In Tauranga in 2021, Secretary of Education Chris Hipkins announced the extension of the school lunch plan. Photo / NZME
With a pandemic, climate change, deep inequality and a bleak picture on the international scene, it’s all too easy to feel cynical about our ability to make the world a better place at this time.
It seems that the task of our political leaders today is to run from crisis to crisis to fight fires. As the Prime Minister bluntly put it this week, “The world is bloody chaotic.”
This has been the trend for a while, but I would argue that it’s only getting worse.
And as we’re seeing in Sydney right now, climate change means we’ll live in a world where natural disasters – from floods to droughts to fires – are much more common.
The task of any government will quickly become that of disaster management and response.
Being pessimistic, being so overwhelmed by major catastrophes in the world, turning off the news and checking that you forget all the good that governments can do to change people’s lives.
I think that would be a big mistake.
Because the modern world is beset with great problems, our collective choices still matter to them. Government can still be an instrument for truly positive change.
A few examples have come to my mind lately.
See what happened to the new school food policy. More than 220,000 children are guaranteed healthy meals every day; To date, more than 45 million meals have been provided to hungry children.
And principals and teachers rave about how this affects students’ ability to learn and focus in the classroom.
It was reported this week that one headmaster said it was “a real game changer” for his children, while another said: “Of all the years of educational initiatives, this has made the biggest difference. “
Or here’s one of my favorites: Remember the dreaded “UT tax”? If you listen to the cynical and talkative hosts, that would be the end of the Kiwi-Ute. Merchants had to take the bus with the tools on their backs.
Of course, it all turned out to be bullshit.
With lots of people still buying Utes, it’s just that the extra money went into cleaner car rebates, and it’s worked exceptionally well.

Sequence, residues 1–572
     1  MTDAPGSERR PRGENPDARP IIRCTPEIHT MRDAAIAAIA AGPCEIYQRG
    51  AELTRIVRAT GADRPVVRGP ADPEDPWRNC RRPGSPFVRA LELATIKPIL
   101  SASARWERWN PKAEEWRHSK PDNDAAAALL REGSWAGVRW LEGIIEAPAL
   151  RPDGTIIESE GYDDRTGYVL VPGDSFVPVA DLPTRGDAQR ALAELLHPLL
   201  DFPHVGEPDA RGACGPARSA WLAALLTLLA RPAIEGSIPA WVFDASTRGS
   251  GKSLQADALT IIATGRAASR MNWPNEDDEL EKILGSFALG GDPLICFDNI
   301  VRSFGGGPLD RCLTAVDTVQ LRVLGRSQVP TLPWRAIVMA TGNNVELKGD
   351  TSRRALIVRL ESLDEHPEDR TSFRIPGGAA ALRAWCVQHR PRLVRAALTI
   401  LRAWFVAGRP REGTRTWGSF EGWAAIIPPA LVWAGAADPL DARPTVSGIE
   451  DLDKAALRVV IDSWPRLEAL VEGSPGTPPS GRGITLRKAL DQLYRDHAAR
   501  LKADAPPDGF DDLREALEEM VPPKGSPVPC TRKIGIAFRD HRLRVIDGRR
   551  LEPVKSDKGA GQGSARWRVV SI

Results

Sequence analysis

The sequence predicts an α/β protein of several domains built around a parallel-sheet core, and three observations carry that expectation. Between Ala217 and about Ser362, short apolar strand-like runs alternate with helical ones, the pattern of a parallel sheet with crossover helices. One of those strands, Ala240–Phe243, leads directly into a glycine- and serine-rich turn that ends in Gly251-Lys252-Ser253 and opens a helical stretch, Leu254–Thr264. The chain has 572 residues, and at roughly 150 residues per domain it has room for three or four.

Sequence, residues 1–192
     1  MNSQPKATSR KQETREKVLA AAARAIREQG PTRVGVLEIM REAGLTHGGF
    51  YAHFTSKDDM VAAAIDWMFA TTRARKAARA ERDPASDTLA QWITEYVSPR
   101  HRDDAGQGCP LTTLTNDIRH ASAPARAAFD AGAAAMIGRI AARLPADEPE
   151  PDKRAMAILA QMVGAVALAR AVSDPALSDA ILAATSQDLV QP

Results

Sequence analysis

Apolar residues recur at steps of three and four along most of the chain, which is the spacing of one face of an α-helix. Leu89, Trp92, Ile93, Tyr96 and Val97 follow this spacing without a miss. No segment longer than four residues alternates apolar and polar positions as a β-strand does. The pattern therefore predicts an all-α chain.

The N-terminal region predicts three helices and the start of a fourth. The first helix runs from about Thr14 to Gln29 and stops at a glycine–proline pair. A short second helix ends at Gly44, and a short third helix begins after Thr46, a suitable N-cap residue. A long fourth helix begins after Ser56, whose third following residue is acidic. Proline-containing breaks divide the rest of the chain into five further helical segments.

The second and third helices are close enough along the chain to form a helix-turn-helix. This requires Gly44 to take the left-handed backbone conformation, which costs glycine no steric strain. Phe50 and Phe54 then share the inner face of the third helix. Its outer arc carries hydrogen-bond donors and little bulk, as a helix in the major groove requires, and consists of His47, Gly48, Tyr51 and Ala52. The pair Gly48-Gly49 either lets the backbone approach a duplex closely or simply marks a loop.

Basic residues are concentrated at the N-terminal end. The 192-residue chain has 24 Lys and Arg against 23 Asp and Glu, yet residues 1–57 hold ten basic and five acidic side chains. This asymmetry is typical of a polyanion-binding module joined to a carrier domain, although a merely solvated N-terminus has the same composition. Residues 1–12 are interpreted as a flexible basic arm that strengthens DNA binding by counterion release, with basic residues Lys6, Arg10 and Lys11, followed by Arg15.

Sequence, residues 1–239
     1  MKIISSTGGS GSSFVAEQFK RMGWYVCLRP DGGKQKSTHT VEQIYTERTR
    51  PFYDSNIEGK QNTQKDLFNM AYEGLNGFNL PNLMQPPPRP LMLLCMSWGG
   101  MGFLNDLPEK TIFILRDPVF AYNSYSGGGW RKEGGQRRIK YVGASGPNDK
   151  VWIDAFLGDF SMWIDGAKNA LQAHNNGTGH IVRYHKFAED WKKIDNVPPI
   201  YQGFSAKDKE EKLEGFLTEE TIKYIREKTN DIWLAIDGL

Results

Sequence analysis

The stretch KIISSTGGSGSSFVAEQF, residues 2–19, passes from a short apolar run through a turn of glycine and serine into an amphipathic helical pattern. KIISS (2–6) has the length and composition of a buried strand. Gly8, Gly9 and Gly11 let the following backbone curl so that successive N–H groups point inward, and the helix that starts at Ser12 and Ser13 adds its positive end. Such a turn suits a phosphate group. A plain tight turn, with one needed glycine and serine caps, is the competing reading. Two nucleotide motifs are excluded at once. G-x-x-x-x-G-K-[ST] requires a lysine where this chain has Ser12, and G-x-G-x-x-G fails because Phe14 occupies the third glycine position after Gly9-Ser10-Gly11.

Last year, before the rebate was introduced, hybrids and electric vehicles accounted for just 8 per cent of new car purchases in New Zealand. Today it is 20 percent. It has more than doubled in less than a year.
That means thousands more people are saving money on gas and reducing their carbon emissions.
Or what about mental health? It’s not talked about enough, but in 2019 more than 330,000 people received psychological support from their GP after major investments in mental health.
For people in such situations, this intervention can prevent small mental health problems from growing into something bigger – it could literally be life-saving for some of those 330,000 people.
Similarly, look at the huge difference made by wage subsidies. It is likely that hundreds of thousands of Kiwis would have lost their jobs during the lockdown, without it tens of thousands of businesses would surely have collapsed.
Imagine if we increased our current Covid inflation while large numbers of Kiwis were out of work? Instead, we have the lowest unemployment on record.
I would argue that all this cynicism and desperation should be countered.
Yes, the world is a darker and scarier place than it was 20 years ago. But if you’re one of hundreds of thousands of kids who are learning better because they’re full, or one of hundreds of thousands who got psychological support when they needed it, then these changes are all for you. can make a difference. ,
Indifference or despair doesn’t really solve a problem. Pessimism doesn’t make anyone better.
And when we look around, we see that when we join forces, things get better. Good ideas still make a big difference.
Hayden Munro was the campaign manager for Labor’s successful 2020 election victory. He now works in corporate PR for Wellington-based firm Capital Communications & Government Relations.